There is nothing new about politicians who learn their craft while climbing the ladder of politics. Many make a start on school board, get to know the people of their area and wait for the right time to move up to municipal councillor. Municipal council, in turn, can become the incubator popping out fresh young faces to be your next member of the legislative assembly or member of parliament.

While politicians of all flavours can be found on this path, it is most common in Ontario to find they are paid up members of the conservative party. This is where they find their mentors, their funding sources and support for the campaigns to come. No city beats Barrie in this conservatism of its city council.

It was why after being in the city for only a few years, I ran the campaign ground game for a new mayor. He ran against two well-known conservatives and a group of also-rans. He is now on his third term as mayor.

While I like to think that Mayor Jeff Lehman does what he can with a council that wants to defer any contentious issues until they are told what position to take, this city council is not progressive. We have a burgeoning, successful city here despite a council of small city minds. The truth is, the city is run by its senior staff and people learn you best not interfere.

Recently a brash young councillor became annoyed with two former city council members who are now the sitting members of parliament. They are both about what you would expect in a city that allowed the rise of Patrick Brown, from councillor to MP, to leader of the Ontario conservatives. The councillor was angry about white-supremacists joining in on Andrew Scheer’s remarks to some westerners castigating prime minister Trudeau for not building them a pipeline fast enough.

It was hardly a municipal issue and the councillor was out of line using his position to demand an apology to Canadians by the conservatives.

But it was also hardly an issue for council’s ethics commissioner. Nor was it worthy of a threatened law suit from the two MPs.

Mind you, I think I should drop in on council meetings more often. It is obviously becoming more fun.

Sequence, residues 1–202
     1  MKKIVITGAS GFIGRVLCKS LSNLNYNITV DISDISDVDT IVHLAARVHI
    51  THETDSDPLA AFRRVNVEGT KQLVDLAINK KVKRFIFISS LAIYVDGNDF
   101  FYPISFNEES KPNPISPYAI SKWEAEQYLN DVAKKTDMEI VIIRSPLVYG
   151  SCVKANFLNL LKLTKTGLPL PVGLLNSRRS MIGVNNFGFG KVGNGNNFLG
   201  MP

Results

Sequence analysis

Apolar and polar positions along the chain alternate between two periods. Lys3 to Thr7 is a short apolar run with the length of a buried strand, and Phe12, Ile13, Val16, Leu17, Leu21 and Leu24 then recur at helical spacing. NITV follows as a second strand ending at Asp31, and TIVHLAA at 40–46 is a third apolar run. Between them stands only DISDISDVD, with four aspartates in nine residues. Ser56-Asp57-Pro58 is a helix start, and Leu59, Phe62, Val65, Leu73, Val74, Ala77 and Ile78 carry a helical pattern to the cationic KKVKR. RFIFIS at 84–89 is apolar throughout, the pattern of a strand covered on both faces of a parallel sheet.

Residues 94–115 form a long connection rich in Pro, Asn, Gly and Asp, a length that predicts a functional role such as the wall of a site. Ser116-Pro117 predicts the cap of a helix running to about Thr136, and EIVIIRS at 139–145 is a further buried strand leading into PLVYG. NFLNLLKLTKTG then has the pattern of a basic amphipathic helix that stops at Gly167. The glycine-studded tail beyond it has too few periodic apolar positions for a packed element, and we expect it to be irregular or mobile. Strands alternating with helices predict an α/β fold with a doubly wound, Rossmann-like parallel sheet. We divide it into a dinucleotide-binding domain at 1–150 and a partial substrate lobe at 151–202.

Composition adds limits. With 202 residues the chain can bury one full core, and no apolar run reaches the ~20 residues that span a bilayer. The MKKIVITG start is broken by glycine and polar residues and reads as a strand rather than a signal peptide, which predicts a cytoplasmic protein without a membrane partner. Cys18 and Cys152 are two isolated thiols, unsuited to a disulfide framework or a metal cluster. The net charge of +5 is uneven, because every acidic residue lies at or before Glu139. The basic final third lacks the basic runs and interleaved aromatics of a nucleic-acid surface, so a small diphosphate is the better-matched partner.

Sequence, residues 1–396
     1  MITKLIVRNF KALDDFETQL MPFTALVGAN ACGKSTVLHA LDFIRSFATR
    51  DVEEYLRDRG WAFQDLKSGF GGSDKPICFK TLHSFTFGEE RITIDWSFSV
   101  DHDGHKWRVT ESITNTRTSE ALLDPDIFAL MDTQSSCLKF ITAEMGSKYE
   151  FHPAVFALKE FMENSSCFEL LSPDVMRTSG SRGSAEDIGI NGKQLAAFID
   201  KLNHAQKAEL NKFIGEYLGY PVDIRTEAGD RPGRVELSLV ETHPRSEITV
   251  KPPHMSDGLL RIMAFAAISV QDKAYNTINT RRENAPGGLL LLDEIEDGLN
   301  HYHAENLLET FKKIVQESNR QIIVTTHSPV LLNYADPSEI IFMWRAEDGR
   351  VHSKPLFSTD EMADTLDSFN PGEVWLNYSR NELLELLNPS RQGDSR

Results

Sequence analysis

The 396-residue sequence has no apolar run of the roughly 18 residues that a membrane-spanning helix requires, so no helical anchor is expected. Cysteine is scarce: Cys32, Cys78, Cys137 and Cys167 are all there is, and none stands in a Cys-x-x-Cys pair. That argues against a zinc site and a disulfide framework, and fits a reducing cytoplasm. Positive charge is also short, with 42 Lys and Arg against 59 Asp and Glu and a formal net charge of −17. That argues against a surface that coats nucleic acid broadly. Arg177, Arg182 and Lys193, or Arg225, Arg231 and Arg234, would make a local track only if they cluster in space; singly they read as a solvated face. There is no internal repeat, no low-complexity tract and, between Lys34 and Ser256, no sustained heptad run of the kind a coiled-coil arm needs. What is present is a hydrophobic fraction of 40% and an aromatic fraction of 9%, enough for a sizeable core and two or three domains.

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Copyright 2019 © Peter Lowry

Complaints, comments, criticisms and compliments can be sent to  peter@lowry.me

This just in: Nuttall’s out.

Thursday, March 28th, 2019

If there was ever an individual in the wrong place at the wrong time, it was Alex Nuttall, the M.P. for our electoral district of Barrie—Springwater—Oro-Medonte. Alex was Patrick Brown’s hand-picked successor on Barrie city council and subsequently in the back benches in Ottawa. On a recount of ballots, in 2015, Nuttall won by a skinny 86 votes, against an inept campaign by the local liberals.

Oddly enough, the various times I saw Alex Nuttall in the riding, during that campaign and for the recount afterward, he seemed angry. That was very different from when he was on city council where he tended to mumble and bumble along. He never did seem to do much in either job.

He gave the standard answers when he announced his leaving federal politics at Barrie city council last Monday. It seems, like a wounded animal, he was returning to a place of comfort to lick his wounds. He used the stock excuse that he was leaving to spend time with his young family. I am guessing that it will be a while before we find out the real reason.

But it is unlikely we have seen the last of Alex. He has been receiving an MP’s salary for these past four years and that is more than he might have ever been making before. It will be interesting to see what he picks when he has to go back to earning a living in October.

He seems to have a comfort factor in the financial businesses such as banking and mortgages but few if any of these jobs would have a starting salary as high as we pay our parliamentarians.

I expect this news will get our sleepy local federal liberal party organization out to see if anyone can see their shadow. We need a live liberal candidate in Barrie—Springwater—Oro-Medonte folks.

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Copyright 2019 © Peter Lowry

Complaints, comments, criticisms and compliments can be sent to  peter@lowry.me

Trudeau trashes his flight of fancy.

Tuesday, March 26th, 2019

It was nine years ago that I met Justin Trudeau. Working through liberal party friends in Ottawa, I had invited him to a party fund-raising dinner in Barrie. While we raised enough to get the party out of debt in Barrie, the conversation I had at the time with Justin was disquieting. This is a man who can easily turn himself on and off.